Pharma marketers are adapting to a variety of changes that have impacted targeting and privacy. Real world data-driven methods allow companies not only to have more effective conversations with patients but also take a more privacy-safe approach to reach the right consumers.
During an MM+M podcast, sponsored by Swoop, editor-at-large Marc Iskowitz sat down with Katie Carr, SVP of sales at Swoop, to discuss the privacy changes being made by the walled gardens and why strengthening targeting via a custom-built patient audience segment puts advertisers in a more favorable position as those shifts occur.
Carr kicked off the discussion by explaining that Swoop offers a number of different solutions for brand marketers today.
“We use real world data in conjunction with artificial intelligence and machine learning to create high audience quality segments that drive script lift,” she said. “What Swoop understands really well is that every brand is going to have its own unique challenges and therapeutic advantages.” Which is why “segments are customized based on the specific needs of the brand” and “the company is trusted by the top 42 out of 50 pharmaceutical manufacturers and top 18 out of 20 pharmaceutical agencies.”
The impact of walled gardens
“There have been a lot of changes from a privacy standpoint at Apple, Google and Facebook,” Carr explained. For example, the Apple iOS 14.5 update “prompted users to determine whether or not they wanted to be tracked” and “over 96% of users chose not to be tracked.”
Facebook’s interest group restrictions “meant that advertisers could no longer advertise to users who were part of, say, a World Diabetes Day” group, she said. In addition, Google recently announced an end to cross-app tracking in Android by 2024 and Topics, a privacy-friendly replacement for third-party cookies that is “too broad” for healthcare marketers.
As a result, marketers have “had to move their dollars pretty quickly,” Carr said, but “it’s making it really difficult to understand where to invest.” The key is “to start looking at solutions that no longer depend on the cookie” and to think about it “from a targeting perspective as well as from a measurement perspective.”
Finding privacy safe data
At Swoop, “privacy is first and foremost in everything that we do,” Carr said. The organization and its leadership have consistently advocated for “being able to market to a patient in order to ensure that they are knowledgeable about the disease state or the treatment that might be lifesaving” but also for ensuring “that there is privacy as well.” Which is why Swoop became the first consumer health data company to become a member of the Network Advertising Initiative (NAI), she said.
Carr noted the NAI has “a stringent review process that happens on an annual basis and ensures that anyone who is a member is within certain parameters when it comes to how they touch and use data.” For those seeking a data provider, she recommended asking if they are both HIPAA certified and a member of the NAI.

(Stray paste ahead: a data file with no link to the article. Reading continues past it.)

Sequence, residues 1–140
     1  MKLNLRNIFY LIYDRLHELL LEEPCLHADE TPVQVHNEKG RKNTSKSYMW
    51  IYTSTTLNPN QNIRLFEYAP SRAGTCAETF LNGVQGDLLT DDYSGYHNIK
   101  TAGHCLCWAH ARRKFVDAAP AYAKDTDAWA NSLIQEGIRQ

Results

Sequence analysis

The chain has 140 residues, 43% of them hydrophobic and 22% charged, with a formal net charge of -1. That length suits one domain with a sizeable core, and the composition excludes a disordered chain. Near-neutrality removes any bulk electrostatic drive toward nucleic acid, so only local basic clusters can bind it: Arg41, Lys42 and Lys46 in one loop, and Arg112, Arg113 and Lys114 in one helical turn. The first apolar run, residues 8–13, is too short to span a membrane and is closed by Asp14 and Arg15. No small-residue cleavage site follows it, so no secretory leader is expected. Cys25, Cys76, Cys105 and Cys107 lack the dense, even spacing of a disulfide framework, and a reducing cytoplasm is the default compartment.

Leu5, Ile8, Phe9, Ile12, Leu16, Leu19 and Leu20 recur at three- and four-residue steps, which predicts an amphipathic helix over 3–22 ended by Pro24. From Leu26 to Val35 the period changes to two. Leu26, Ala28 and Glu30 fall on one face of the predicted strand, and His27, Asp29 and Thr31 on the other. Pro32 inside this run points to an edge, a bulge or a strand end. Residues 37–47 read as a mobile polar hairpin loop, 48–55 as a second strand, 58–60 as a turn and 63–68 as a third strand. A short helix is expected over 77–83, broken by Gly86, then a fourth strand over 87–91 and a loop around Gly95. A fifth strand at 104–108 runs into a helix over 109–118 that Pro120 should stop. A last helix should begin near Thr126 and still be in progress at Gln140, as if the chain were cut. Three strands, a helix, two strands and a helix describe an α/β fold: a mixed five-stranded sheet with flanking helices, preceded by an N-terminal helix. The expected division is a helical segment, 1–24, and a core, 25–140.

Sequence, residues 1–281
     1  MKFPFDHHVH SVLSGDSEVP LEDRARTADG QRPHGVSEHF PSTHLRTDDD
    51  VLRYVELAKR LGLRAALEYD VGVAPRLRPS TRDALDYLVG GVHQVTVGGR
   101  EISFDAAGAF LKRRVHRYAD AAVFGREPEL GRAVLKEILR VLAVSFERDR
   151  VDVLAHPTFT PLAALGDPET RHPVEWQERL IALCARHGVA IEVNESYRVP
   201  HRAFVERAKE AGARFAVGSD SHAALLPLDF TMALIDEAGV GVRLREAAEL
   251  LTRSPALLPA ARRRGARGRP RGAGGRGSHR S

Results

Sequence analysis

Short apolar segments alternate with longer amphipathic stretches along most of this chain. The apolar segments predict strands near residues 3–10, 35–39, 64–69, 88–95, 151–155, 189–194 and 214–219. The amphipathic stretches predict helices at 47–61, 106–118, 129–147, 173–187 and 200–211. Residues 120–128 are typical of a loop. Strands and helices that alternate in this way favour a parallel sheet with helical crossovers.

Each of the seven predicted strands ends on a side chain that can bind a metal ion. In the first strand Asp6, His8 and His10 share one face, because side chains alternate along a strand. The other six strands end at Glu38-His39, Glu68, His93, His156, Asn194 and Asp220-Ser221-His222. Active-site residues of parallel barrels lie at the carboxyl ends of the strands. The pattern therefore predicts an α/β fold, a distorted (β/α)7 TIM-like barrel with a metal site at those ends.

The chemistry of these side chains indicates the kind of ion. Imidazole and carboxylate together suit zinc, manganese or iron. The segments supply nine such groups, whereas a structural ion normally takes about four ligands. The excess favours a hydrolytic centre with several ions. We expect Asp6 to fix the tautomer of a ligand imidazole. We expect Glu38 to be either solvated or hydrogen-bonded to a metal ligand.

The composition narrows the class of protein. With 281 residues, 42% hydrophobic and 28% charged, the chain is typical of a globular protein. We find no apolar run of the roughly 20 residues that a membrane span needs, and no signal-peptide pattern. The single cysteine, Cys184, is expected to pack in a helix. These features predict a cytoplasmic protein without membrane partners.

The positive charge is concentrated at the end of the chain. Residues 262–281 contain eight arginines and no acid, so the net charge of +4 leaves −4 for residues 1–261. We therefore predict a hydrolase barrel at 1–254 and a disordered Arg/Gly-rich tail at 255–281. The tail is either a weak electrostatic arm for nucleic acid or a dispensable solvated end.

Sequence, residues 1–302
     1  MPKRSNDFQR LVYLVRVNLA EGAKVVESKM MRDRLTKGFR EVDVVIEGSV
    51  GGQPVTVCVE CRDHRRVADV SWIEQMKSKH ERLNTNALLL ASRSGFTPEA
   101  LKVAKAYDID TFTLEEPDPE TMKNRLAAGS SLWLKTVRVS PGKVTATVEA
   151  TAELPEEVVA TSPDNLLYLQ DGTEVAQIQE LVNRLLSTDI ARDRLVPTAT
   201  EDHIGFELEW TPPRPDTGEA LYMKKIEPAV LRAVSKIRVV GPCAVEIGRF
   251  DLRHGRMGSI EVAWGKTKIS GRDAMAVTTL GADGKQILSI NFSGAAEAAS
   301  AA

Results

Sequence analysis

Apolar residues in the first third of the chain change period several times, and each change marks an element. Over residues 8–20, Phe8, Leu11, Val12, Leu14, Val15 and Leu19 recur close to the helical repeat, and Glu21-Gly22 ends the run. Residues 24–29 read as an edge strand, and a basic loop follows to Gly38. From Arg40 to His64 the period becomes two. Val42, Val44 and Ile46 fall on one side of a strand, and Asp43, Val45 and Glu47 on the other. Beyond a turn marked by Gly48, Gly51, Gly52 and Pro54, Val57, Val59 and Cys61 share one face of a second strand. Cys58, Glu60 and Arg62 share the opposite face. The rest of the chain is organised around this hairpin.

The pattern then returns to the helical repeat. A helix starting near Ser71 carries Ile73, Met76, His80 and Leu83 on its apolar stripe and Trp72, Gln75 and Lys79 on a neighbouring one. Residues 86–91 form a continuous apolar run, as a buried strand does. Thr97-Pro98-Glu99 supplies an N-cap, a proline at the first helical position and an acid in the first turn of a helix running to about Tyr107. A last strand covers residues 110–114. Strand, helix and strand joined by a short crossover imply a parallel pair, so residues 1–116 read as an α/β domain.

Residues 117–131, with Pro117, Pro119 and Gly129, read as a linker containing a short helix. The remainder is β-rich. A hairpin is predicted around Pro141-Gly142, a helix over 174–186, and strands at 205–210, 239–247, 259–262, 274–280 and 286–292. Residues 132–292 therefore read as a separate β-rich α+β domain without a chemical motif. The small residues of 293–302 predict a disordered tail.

Additionally, Swoop utilizes a process called k-anonymity, a scientific way to guarantee patients cannot be re-identified, which limits Audience Quality (AQ) to 50%. Be aware that “if [data providers] are sending you a segment that’s over 50% audience quality, that’s a red flag,” Carr explained. “When you’re dealing with an indication such as diabetes, for example, those segments should not be created above 50% because you could potentially re-identify that patient.”
Without a thorough privacy review, “you’re putting your brand at risk,” she said. At Swoop, “we have a team that’s on top of all these [changes and we] can talk through what we’re hearing, what the solutions are and what we are anticipating.”
The new patient landscape
A lot has changed on the consumer side as well. For example, there has been “an extreme increase in the amount of patients using telehealth services” since the pandemic, Carr said. In addition, a lot of patients are “opting out of being tracked” and “the consumption of media is evolving” with more usage of both paid and ad-supported streaming services, as well as addressable TV.
The reality is it has “become more important to start leveraging real world data to find those patients who might not be active in the same places that they were in the past,” Carr explained. Partners such as Swoop use “real world data for planning, understanding where patients are engaging and targeting,” she said. Targeting with real world data “really boils down to the prevalence of the condition within a segment.” For example, “a 50% audience quality means that out of a segment of 2,000 IDs, 1,000 of those are diagnosed with the condition based on our data asset.”
In the end, audience quality helps “identify patients and reach them, engage and educate them in order to increase their quality of life,” Carr said. At the same time, it’s important to maintain “the privacy of the patient” and not “reach out to the wrong patients,” she added.
That’s precisely why Swoop “is a privacy-safe solution.” To ensure clients “feel comfortable before moving forward,” Swoop does not “charge any upfront fees” for creating “custom segments based on your specific brand,” she said. Her parting advice: “Don’t be intimidated if you don’t know everything about real world data” because there are “a lot of experts in the space from a privacy, pharmaceutical and data perspective to have those conversations with you.”